Author: Helena Luckhurst
The first Conservative Government Budget for 19 years will fundamentally change how non-UK domiciliaries (non-doms) are taxed to UK taxes. In this article, we focus on one aspect of the announced changes – the Government’s plan to make more non-doms pay Inheritance Tax on their UK residential property from April 2017, even if it is held in an offshore structure.
Let’s start with the basics: what is a non-dom?
English law recognises the concept of domicile. There is no statutory definition of domicile, but over the years English case law has defined it to mean, in essence, the jurisdiction in which you have your permanent home. If you weren’t born in the UK and don’t have your permanent home in the UK, you are probably a non-dom for UK tax purposes. If you are unsure about your domicile status, now is the time to take advice about it.
What is UK Inheritance Tax (IHT)?
Most people only come across IHT when a person dies. It is primarily a tax on the value of a deceased person’s personally held assets on death. However, it can apply on the death of a beneficiary of certain types of trust too, at which point the trustees have an IHT liability.
All individuals have a £325,000 nil rate band, although that band can be reduced, by gifts made within seven years of death among other things. By way of example, if an individual’s estate for IHT purposes is worth £1,000,000, in practice the first £325,000 bears no IHT. However, the remaining £675,000 is taxed at 40%, resulting in an IHT bill of £270,000.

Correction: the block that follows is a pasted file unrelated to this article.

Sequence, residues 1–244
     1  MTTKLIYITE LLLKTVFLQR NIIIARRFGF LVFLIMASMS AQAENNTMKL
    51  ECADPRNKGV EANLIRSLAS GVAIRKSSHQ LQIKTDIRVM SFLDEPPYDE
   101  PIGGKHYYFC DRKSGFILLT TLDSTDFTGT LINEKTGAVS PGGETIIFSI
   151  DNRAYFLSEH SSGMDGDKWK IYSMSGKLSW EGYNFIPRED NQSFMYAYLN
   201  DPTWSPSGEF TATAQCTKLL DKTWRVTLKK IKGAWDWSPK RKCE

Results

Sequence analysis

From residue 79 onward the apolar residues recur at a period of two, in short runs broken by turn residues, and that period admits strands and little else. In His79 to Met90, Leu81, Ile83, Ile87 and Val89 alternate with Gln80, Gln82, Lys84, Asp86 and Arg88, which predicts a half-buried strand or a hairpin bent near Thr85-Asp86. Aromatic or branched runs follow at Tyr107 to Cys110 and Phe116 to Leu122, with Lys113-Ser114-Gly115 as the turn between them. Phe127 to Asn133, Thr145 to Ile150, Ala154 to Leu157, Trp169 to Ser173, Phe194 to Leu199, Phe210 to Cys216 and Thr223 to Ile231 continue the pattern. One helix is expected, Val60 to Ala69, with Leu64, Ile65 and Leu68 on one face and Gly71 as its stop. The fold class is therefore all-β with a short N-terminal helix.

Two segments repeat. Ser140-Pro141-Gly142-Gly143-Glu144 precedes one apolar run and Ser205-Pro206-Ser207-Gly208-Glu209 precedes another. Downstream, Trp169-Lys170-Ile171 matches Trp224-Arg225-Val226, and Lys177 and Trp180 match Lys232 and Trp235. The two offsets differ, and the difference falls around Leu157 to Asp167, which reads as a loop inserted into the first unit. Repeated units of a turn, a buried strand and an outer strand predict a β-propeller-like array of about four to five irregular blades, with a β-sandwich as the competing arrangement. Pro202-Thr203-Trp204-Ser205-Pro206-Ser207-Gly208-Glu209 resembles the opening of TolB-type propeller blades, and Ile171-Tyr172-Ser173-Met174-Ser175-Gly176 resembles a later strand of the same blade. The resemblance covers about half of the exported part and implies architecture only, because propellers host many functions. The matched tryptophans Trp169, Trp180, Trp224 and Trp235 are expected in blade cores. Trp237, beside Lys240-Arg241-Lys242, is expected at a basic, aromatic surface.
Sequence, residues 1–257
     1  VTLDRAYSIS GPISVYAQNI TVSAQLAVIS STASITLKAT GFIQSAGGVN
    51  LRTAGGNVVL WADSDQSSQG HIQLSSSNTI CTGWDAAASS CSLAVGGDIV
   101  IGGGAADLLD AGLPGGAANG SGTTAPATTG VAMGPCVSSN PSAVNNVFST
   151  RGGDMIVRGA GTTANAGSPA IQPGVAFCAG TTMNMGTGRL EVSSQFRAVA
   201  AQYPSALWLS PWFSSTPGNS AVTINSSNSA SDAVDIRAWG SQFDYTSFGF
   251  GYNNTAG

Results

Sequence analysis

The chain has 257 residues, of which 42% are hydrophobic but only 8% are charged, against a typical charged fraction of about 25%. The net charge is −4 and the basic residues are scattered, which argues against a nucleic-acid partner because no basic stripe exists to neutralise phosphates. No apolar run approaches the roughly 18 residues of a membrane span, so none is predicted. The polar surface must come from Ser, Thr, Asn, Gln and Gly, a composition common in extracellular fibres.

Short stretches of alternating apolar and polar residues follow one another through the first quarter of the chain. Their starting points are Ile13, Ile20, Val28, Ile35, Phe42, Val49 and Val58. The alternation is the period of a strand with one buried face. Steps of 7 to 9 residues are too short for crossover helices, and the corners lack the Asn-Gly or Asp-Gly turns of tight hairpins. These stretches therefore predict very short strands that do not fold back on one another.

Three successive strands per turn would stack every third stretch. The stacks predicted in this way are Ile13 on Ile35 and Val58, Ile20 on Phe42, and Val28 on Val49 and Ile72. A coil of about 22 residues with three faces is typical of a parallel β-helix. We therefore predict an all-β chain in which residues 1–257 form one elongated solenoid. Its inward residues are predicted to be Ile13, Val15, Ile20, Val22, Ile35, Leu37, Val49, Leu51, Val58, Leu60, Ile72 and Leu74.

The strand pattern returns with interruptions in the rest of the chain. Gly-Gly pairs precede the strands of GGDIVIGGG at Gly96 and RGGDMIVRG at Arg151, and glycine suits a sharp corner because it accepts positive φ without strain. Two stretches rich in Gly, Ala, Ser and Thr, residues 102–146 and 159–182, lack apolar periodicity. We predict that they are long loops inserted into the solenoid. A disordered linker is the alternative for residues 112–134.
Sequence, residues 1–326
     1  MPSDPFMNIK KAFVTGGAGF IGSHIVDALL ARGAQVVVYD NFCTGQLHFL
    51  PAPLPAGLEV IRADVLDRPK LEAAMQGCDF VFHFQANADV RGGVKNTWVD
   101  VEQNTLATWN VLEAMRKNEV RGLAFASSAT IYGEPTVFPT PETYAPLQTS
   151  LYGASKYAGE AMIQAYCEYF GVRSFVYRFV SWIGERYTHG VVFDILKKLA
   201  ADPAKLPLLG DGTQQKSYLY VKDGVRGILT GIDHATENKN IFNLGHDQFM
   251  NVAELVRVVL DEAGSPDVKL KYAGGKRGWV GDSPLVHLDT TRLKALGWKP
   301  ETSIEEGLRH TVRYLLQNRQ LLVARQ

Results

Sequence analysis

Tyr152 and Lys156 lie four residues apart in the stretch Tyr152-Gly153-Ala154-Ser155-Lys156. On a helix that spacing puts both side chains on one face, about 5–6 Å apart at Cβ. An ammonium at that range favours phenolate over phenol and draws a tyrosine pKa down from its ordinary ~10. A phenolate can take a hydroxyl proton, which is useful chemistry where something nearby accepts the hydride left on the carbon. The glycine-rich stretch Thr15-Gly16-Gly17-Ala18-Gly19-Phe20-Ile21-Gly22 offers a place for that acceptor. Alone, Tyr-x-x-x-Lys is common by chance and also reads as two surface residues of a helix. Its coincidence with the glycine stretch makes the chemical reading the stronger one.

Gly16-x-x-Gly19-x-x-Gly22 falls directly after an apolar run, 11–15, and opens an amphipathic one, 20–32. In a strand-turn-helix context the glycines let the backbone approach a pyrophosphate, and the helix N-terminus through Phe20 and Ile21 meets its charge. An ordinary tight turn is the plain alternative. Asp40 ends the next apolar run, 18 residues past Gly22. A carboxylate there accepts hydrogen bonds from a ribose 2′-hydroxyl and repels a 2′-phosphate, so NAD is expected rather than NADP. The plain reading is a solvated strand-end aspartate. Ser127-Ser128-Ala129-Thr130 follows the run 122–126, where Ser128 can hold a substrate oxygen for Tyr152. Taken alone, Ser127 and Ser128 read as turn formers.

Currently non-doms only pay IHT if (broadly speaking) they own UK situated assets in their personal capacity on death. But this is set to change based on the Government’s proposals.
Do you own UK residential property through a structure?
Non-doms wanting to invest in the UK property market without exposing themselves to IHT often invested through a non-UK company. The non-dom might own 100% of the company’s shares on death but as those shares were not UK assets, no IHT was payable on them (or the underlying UK property) on the non-dom’s death. The company shares were ‘excluded property’ for IHT purposes, meaning that the shares were ignored for IHT purposes on the non-dom’s death.